Following many meetings, negotiations, and side events, our delegation for the first week of the UNFCCC May Climate Talks has achieved a lot. The second week brought with it a new delegation, which was excited about continuing the effort to promote health in the negotiations, and was as successful. Our message was simple: we need ambitious and immediate climate change actions that include health.
For this second week of the meeting, the IFMSA delegation said goodbye to James and Line and welcomed Tanmay and Kim:
Tanmay Jadhav is a 2nd-year medical student from MSAI-India and a first-time attendee at the UNFCCC. He looked forward to the mechanisms of health policy and advocacy and take the knowledge back to NMOs worldwide to promote youth involvement in the process of decision making. He is also passionate about Oceans and Agriculture in addition to Health in relation to climate change.
Kim van Daalen is a prospective 1st year Global Health master’s student and the National Public Health Officer of IFMSA – The Netherlands. This is also her first time to the UNFCCC as she is attending the second week of the inter-sessionals. She hoped to find opportunities and activities for NMOs worldwide to engage in climate change action, to be able to promote IFMSA’s incredible work on climate change activities, but most of all hopes to let parties realize that health is an essential issue in the ongoing negotiations in the way to COP23.
The first day of the second week started off, as every day to come, with the YOUNGO daily coordination meeting, also known as the “Spokes Council”. Introducing many of the delegates that had joined in for the second week to YOUNGO and the UNFCCC in general. Our delegation and the Health Working Group saw a few new faces which were interested in the health aspect.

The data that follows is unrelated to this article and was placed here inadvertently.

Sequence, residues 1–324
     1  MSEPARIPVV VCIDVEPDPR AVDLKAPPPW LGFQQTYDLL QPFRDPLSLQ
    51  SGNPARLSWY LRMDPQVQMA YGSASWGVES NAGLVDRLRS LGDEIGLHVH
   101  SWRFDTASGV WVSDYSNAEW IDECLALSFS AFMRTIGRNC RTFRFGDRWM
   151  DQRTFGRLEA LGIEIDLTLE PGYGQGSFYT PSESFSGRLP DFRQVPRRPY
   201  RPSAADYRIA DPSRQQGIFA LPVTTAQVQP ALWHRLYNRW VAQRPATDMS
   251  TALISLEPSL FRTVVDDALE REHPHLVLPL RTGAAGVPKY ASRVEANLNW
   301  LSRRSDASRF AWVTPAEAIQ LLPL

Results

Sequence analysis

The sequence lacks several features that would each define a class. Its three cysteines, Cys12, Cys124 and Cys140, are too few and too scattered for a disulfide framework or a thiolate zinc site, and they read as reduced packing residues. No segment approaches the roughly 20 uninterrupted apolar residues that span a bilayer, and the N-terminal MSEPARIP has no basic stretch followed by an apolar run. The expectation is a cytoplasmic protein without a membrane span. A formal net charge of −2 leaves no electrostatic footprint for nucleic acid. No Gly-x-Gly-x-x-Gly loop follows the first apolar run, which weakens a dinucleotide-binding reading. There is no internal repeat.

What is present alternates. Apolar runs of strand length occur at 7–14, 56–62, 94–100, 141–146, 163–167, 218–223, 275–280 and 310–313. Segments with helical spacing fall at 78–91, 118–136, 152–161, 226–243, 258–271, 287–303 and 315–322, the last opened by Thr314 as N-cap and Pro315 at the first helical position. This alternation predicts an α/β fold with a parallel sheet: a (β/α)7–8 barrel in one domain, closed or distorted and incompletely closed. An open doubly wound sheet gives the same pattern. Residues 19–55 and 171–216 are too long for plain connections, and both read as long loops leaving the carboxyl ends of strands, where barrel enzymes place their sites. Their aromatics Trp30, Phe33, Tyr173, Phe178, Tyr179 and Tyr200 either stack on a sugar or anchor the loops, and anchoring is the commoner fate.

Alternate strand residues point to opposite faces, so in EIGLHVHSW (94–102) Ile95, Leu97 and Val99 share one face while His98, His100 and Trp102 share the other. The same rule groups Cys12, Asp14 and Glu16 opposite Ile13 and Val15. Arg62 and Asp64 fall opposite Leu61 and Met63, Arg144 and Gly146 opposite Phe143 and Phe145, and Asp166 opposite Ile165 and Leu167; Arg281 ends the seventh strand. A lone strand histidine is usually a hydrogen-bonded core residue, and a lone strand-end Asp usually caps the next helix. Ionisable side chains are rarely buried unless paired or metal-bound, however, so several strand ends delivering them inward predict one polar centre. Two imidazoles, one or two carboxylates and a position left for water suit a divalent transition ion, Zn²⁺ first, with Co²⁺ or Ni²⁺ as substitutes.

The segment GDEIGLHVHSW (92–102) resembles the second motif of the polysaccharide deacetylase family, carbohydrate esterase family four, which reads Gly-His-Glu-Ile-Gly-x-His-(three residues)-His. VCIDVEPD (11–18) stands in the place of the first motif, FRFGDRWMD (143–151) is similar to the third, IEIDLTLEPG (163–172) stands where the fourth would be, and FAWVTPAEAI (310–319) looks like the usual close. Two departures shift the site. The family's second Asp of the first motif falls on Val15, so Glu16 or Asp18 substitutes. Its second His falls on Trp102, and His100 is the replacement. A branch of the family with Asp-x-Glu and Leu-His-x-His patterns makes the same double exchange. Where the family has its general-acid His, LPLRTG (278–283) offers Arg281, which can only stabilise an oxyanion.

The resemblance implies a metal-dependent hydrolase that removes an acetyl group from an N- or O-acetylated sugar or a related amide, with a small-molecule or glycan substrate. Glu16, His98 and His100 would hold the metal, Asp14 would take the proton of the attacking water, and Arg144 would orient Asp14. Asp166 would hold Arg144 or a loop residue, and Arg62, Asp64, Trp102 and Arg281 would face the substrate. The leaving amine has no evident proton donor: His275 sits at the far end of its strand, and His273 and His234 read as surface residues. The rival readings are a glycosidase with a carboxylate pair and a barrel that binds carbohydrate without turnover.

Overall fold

Followed by this, there were multiple side-events and both closed and open negotiations. We followed as much as we could, seeing some negotiations heading quickly towards a decision and others moving without much progress.
One of the interesting developments to follow on Monday was the Nairobi Work Program, which actually stresses on human health as part of adaptation measures. In short, the Nairobi Work Program on impacts, vulnerability, and adaptation to climate change contributes to advancing adaptation action through knowledge in order to scale up adaptation at all governance levels, with a focus on developing countries. This Climate Change Conference they successfully worked within the Subsidiary Body for Scientific and Technological Advice on a draft on impacts, vulnerability, and adaptation to climate change. Several member-parties also hosted a side event with framing and showcase presentations, where we were happy to see how the relationship between ecosystems and health was mentioned several times.